Register For Our Mailing List

Register to receive our free weekly newsletter including editorials.

Home / 176

ASIC creates a level playing field on fees

The countdown is on. From February 2017, managed investments and superannuation products must adhere to ASIC’s new fee disclosure guidelines. The changes create a level playing field across products, leaving little doubt that any fees or costs reducing the ultimate investment return must be disclosed. But for products that have avoided indirect (or ‘look-through’) cost calculations up until now, the changes are far reaching and require considerable thought and preparation. ASIC has indicated that the deadline will not be extended.

ASIC has tried to even things up such that consumers can make meaningful and consistent comparisons between products.

The amended Regulatory Guide 97—Disclosing fees and costs in PDSs and periodic statements (RG 97) was released in November 2015 and ASIC consider 18 months is ample time for product providers to ready themselves for the changes. The changes are extensive. The regulatory guide has increased by 45 pages with the main change relating to indirect costs.

Clarifying disclosure of indirect costs

Previously, the disclosure of indirect costs was open to interpretation, but this guide makes it crystal clear that product providers should look-through all the way to the actual investment providing the return and count any amount which will directly or indirectly reduce this investment return. This means, for example, with an investment in a hedge fund or private equity ‘fund of funds’ with multiple underlying vehicles - which ASIC has termed ‘interposed vehicles’ – the product provider needs to count all the fees and costs of those underlying structures.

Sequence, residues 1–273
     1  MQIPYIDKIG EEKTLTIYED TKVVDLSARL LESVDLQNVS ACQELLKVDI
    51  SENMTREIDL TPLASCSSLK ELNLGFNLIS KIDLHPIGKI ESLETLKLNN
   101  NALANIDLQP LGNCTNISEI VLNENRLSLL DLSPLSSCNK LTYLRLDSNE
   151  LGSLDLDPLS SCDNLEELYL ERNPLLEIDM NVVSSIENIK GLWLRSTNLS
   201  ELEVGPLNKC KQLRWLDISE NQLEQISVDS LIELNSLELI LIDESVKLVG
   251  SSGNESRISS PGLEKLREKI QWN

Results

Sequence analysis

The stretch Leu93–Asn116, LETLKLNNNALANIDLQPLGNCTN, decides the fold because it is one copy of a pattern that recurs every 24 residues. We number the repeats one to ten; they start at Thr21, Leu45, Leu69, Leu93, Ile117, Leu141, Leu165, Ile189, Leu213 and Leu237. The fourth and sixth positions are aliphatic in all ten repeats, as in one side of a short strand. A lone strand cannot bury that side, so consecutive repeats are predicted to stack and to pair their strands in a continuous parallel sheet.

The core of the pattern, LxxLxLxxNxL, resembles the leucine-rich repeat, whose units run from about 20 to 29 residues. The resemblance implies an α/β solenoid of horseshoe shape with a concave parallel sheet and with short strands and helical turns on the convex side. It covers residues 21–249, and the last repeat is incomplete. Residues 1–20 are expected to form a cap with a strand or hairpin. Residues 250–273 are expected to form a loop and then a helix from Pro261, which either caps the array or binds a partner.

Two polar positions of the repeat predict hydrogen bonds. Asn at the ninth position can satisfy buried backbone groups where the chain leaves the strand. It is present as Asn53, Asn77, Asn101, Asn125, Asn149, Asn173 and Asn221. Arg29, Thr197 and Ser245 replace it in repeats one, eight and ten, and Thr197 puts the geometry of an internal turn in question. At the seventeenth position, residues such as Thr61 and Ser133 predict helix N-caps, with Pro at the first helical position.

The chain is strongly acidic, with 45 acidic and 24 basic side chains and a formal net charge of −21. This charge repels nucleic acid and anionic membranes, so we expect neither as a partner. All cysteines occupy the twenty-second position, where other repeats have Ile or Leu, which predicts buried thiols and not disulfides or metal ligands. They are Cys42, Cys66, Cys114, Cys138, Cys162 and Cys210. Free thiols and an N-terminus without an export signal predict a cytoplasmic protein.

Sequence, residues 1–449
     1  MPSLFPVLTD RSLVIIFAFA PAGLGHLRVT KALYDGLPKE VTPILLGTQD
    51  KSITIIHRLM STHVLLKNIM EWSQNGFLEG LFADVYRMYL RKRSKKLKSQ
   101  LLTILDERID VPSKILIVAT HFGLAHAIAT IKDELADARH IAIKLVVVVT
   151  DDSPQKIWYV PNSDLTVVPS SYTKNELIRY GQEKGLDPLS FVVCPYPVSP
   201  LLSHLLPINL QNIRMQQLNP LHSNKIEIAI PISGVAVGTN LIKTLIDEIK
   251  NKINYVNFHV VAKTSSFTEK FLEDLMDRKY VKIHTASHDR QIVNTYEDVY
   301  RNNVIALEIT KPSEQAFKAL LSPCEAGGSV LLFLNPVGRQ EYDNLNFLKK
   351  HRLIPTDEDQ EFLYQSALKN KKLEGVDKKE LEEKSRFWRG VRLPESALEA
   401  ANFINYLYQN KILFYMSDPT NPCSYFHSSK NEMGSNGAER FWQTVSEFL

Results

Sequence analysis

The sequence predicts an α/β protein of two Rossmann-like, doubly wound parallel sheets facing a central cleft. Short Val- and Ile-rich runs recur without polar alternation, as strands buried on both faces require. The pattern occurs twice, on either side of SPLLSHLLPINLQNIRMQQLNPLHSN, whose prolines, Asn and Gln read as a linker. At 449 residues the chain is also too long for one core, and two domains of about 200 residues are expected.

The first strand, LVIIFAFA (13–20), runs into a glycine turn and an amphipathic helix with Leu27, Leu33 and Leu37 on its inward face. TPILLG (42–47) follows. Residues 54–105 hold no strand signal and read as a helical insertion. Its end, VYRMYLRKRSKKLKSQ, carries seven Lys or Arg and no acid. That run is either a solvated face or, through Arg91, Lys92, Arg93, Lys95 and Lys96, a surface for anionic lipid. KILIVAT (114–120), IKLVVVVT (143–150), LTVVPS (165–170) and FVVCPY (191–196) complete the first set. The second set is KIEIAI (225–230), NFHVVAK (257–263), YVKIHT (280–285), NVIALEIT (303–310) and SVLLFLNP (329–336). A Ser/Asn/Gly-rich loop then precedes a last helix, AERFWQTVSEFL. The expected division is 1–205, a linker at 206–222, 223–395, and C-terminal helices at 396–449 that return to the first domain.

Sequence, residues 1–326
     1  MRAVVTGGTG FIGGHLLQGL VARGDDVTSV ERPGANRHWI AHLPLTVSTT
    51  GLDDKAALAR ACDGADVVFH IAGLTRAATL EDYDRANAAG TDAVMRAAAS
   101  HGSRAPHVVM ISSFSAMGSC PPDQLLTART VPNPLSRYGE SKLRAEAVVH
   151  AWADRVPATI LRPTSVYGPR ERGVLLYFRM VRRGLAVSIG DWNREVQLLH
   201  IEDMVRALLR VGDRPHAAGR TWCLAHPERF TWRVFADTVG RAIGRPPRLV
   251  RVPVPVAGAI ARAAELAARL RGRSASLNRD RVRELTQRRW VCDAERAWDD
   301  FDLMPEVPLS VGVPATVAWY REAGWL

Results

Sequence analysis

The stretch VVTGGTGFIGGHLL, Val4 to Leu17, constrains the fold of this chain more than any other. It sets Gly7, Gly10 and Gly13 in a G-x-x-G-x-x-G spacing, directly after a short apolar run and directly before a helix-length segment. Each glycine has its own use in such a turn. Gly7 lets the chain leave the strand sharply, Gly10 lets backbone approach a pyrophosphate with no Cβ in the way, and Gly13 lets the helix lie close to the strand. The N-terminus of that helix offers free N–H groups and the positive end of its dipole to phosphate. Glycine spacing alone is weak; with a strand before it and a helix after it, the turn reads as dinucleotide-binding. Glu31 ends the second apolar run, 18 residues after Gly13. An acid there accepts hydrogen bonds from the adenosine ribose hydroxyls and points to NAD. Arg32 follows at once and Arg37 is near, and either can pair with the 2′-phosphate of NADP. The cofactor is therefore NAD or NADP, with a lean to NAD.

ASIC has also applied this concept of interposed vehicles to over-the-counter (OTC) derivatives. That is, if there are any fees and costs embedded in an OTC that are intended to remunerate the counterparty for managing or creating the derivative, these too should count towards total indirect costs. An example might be a swap specifically designed by an investment bank to replicate the return of a standard commodity index. This product needs to be tailored by the investment bank and they seldom do anything for free. There is normally a cost embedded in the swap, but not typically called a ‘fee’, that goes to the investment bank for their work. A fund that purchases this swap will need to firstly be able to calculate this embedded cost, and then ensure that it is captured and disclosed to comply with ASIC’s new rules.

What are ‘income-sharing' arrangements?

Another interesting inclusion is the section dedicated to ‘Reducing costs through income-sharing arrangements’. RG97 specifies that any income or benefit derived from the fund’s assets that is retained by the product provider should be recorded as a fee or indirect cost. This captures circumstances where a service provider’s fee is reduced because they are earning revenue from the use of the assets of the fund. The classic example is a favourable custody fee whereby the custodian reduces its headline fee as it’s using the assets of the fund to generate revenue through a securities lending programme. This illusory ‘discount’ will need to be included in the indirect costs under the new arrangements.